Click here to read reviewer Br. Benet Exton's take on A Pocketful of History.
In 1999, a decree went out to all the land: Let there be more quarters! The Congressional Act which called for the minting of a quarter for each of America's fifty states had two purposes. One was to fill the drawers of professional numismatists and amateur coin collectors, and the other was to increase "seigniorage" – read, profit – for the US Government. It turns out that for every quarter the Mint produces, there is a whopping profit of 20.9 cents.
The quarter coins, our most useful by far, hadn't been updated for 25 years, so it was time for a facelift. Coin fanatics looked to the success of what was called "the Loonie" – a similar initiative in Canada which netted such gains that the coins, representing Canadian provinces, are now out of circulation, quickly snapped up by collectors.
As in Canada, each state was called upon to design its coin. The first coin minted was to be that of Delaware, not only because Representative Mike Castle (R-Delaware) led the charge to get the quarter bill passed but because Delaware was among the first states, and its coin depicts an event from the signing of the Declaration of Independence. The order of coinage is the order of statehood, beginning on the East Coast and ending on the West -- Hawaii and Alaska's coins have not yet been minted. Their coins will be released during the last year of the mintage, ten years after the first.
The collectors are therefore shy six quarters, which raises the question of why the author didn't wait a year to complete the book. "But we now know," says freelance author Jim Noles, "what imagery will grace each state's quarter. We know that Alaska's quarter will feature a grizzly bear. Hawaii's will display King Kamehameha the Great."
The book's chapters are, of course, the stories of the quarters themselves. Even if you live in one of the final un-minted six, you will be able to look at the coin for your state. Each state decided upon their design differently – some sent out a general call for prospective designs, others relied on an arts council or other entity to come up with the iconography that would best represent the state. Indiana, to many people's surprise, celebrated the Indy 500 on its quarter, and Arkansas chose a diamond, celebrating a little known chapter in its history.
My home state, North Carolina, has acquitted itself admirably, in my possibly biased opinion, by choosing for its image the first flight of the Wright Brothers, who were not from North Carolina but Ohio. However, they were lucky to make contact with an intrepid and curiosity-loving son of the Tar Heel state, one Bill Tate, who, upon receiving their letter inquiring about the possibility of running some tests on the Outer Banks (notable for their windy sandy hills), immediately took up the challenge and more or less adopted the Wright brothers once they arrived. It was interesting to note that Wilbur, the first to arrive, had to travel on foot and by boat from Elizabeth City, aided by a guide. Things are not so rough these days. Kill Devil Hill, where the first airplane made its maiden voyage, is now a major tourist draw, though the winds have yet to die down along our naturally picturesque coastline. Eco-tourists also flock to the Outer Banks, drawn to its starkly beautiful protected game habitat.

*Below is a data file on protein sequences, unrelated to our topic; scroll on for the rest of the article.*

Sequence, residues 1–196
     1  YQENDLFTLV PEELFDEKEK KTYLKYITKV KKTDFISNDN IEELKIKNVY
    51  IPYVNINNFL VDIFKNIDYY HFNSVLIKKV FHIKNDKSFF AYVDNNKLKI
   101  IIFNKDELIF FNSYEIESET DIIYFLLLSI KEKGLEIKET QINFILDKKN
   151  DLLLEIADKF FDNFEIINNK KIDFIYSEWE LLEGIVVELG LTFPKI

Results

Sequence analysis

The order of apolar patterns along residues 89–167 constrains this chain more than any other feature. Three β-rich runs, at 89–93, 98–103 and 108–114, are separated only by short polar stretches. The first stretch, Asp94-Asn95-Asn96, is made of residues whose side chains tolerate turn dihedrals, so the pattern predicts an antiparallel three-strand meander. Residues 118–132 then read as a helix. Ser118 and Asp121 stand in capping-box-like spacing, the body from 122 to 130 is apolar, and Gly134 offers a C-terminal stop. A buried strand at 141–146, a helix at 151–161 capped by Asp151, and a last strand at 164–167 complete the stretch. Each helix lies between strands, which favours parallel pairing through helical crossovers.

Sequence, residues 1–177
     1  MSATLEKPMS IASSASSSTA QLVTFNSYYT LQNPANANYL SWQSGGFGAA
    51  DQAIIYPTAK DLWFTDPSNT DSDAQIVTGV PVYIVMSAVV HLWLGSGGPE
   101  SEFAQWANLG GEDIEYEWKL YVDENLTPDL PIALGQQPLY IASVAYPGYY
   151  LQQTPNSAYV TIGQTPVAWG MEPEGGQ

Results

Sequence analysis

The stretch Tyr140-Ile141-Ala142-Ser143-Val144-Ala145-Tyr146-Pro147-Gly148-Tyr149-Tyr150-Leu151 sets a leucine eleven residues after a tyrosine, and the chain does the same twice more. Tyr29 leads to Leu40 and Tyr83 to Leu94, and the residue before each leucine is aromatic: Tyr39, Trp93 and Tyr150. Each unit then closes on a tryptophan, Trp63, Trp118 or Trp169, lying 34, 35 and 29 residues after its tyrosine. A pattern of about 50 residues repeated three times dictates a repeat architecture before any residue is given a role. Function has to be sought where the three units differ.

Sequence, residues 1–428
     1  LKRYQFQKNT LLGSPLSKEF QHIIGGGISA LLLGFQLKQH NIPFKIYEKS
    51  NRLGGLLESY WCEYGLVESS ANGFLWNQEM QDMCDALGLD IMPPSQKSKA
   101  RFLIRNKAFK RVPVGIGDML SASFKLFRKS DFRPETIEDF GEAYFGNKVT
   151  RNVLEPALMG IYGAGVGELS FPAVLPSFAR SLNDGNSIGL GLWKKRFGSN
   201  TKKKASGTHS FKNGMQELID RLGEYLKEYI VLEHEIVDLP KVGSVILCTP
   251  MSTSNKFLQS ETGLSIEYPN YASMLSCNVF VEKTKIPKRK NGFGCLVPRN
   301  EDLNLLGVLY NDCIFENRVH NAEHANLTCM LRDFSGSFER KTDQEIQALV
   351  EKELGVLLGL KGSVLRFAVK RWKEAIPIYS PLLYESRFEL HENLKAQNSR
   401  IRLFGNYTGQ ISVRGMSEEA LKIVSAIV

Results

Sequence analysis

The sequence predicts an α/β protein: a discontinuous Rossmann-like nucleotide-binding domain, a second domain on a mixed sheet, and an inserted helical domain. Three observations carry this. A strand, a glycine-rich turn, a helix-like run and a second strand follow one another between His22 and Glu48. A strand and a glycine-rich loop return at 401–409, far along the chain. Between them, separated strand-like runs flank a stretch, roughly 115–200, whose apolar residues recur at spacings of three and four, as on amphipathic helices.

Noles expresses his surprise that some of his own favorite moments in history – the Battle of New Orleans, Wounded Knee, even the ratification of the Constitution – were not deemed coin-worthy. But that's states' rights for you. The process allowed each state and its populace to have a say, and each picked its own proudest moment. It allows us all to get better acquainted, like those games that are played at big workshop events, where you have to match up some odd secret with its rightful keeper – it's a learning experience, and that's a good thing.
This book will be a necessity for collectors of the new quarters, and a good read for older schoolchildren, encapsulating a lot of state history in a readable and unique form.